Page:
Are you exposed to bat droppings and bird manure in your workplace? If so, you may be a at risk for a diagnosis of Histoplasmosis.
Recently, I handled a case involving this disease.
Histoplasmosis is an infectious disease caused by inhaling the spores of a fungus called H. capsulatum. Histoplasmosis is not contagious; it cannot be transmitted from an infected person or animal to someone else.
Histoplasmosis has various symptoms, but primarily affects your lungs. The vast majority of infected people have no visible side effects. Those who do experience mild symptoms often don’t seek medical attention and may not even realize that their illness was histoplasmosis.
Histoplasmosis can appear as a mild, flu-like respiratory illness. The symptoms may include a combination of malaise (generally feeling lousy), fever, chest pain, dry cough, headache, loss of appetite, shortness of breath, joining and muscle pains, chills, and hoarseness.
Don’t be lulled into believing that histoplasmosis is a harmless disease. Histoplasmosis can cause chronic lung disease and worsen over time. Special antifungal medications are needed to stop the disease, and surgery is sometimes required to remove a portion of the affected lung.
A person who has had histoplasmosis can get it again.
Anyone working in a job or near activities where material which has been contaminated with the Histoplasmosis spore can develop histoplasmosis, if enough spores are inhaled.
After exposure, the degree of sickness varies greatly, due to the number of spores you may have inhaled, your ageyour susceptibility to the disease. Longer durations and intensity of exposure significantly increase your risk of developing histoplasmosis.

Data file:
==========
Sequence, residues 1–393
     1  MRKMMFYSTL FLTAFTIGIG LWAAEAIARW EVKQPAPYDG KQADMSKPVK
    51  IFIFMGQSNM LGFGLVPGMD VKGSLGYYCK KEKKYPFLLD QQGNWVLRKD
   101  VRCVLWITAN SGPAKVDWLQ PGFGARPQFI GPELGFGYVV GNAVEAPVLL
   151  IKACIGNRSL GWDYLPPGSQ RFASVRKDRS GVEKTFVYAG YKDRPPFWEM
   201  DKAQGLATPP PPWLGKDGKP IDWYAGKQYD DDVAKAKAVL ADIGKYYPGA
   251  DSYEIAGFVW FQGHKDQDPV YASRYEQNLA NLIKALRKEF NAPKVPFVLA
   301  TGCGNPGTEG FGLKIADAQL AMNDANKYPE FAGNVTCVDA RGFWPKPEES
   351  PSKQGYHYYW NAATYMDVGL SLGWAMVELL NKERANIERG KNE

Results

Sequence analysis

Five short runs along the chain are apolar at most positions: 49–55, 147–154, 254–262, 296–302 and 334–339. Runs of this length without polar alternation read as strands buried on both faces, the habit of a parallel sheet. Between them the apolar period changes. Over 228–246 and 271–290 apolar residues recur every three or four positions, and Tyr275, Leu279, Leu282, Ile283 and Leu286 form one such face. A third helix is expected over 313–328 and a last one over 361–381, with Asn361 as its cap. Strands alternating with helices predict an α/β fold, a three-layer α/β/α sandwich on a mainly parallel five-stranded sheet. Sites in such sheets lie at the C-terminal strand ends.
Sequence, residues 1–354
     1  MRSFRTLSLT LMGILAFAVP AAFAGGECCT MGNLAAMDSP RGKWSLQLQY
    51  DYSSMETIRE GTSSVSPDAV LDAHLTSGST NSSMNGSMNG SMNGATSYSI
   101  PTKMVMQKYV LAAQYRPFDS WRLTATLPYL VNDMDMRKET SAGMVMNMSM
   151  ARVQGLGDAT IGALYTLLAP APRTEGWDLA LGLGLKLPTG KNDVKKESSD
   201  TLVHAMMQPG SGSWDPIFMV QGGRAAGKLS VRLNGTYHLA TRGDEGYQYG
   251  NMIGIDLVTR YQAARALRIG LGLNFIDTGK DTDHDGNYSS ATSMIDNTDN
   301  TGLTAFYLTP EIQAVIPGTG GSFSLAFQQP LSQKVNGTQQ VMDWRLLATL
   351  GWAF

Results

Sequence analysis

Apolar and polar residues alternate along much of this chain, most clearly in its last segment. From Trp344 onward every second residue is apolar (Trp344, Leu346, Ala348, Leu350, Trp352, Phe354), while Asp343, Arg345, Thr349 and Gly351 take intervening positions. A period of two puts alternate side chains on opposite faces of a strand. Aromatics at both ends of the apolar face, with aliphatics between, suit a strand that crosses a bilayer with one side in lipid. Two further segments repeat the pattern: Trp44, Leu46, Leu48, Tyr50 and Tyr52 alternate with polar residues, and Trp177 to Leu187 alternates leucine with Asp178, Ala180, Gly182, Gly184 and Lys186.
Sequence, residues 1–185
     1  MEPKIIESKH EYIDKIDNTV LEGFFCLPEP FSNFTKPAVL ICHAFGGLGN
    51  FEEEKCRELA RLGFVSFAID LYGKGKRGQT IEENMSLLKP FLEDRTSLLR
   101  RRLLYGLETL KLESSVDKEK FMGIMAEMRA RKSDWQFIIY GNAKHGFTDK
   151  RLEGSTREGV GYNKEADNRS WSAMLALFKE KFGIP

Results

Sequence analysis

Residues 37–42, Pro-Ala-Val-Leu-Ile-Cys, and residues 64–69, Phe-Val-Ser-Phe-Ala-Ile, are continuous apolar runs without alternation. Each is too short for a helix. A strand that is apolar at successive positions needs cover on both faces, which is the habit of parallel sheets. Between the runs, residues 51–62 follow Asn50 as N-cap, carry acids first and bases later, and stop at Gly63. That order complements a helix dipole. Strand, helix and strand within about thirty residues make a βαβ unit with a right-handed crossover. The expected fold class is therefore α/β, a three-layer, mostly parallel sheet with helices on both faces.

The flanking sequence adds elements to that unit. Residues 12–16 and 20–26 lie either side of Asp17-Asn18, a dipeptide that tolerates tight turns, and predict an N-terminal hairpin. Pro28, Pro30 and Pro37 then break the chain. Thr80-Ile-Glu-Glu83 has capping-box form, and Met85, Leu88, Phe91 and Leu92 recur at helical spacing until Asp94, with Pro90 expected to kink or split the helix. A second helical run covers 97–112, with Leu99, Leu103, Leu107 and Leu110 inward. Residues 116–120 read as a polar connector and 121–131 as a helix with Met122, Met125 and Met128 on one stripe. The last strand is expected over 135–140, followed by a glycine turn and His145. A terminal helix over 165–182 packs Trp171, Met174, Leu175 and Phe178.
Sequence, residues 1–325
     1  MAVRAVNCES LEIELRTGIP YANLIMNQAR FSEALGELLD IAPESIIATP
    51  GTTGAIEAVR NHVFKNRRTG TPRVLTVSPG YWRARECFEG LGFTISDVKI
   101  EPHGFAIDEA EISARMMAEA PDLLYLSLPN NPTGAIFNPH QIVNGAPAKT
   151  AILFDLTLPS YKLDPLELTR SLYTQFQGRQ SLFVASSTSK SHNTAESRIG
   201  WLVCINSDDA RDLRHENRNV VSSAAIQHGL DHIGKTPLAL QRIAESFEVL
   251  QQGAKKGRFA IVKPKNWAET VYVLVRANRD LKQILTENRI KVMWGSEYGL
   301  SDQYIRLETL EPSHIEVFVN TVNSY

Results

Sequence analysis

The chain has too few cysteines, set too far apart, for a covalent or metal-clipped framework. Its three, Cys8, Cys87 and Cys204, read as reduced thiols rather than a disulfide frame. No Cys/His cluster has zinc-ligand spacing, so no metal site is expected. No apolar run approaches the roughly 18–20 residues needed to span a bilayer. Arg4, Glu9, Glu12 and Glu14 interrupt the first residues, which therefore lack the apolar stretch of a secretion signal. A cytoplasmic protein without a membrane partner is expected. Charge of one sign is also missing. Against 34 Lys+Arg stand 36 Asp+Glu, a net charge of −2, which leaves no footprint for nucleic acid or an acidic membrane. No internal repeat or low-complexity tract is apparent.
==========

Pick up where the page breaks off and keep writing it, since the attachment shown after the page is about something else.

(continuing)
Below is a partial list of occupations and hobbies with risks for exposure to H. capsulatum spores, published by the Centers for Disease Control and Prevention (CDC):
· Bridge inspector or painter
· Chimney cleaner
· Construction worker
· Demolition worker
· Heating/Air-conditioning installer/service worker
· Pest Control worker
· Microbiology worker
· Restorer of historic or abandoned buildings
· Cave explorer
The CDC has also identified geographic areas in which there is a higher incidence of the disease. Washington County and Greene County, in Pennsylvania, are on the CDC map, along with parts of West Virginia and Ohio.
If you engage in these activities and develop flu-like symptoms days or weeks after disturbing material that might be contaminated with H. capsulatum, and the illness worsens rather than subsides, you should seek medical care immediately.
If the disease was contracted “in the course and scope” of your job, you are entitled to lost wages and medical expenses you experience, under the Pennsylvania Workers Compensation Act. If you think that you acquired Histoplasmosis in the workplace, please call me for a legal consultation about your rights. There is no legal fee unless we obtain a money recovery or reimbursement of medical expenses incurred for you.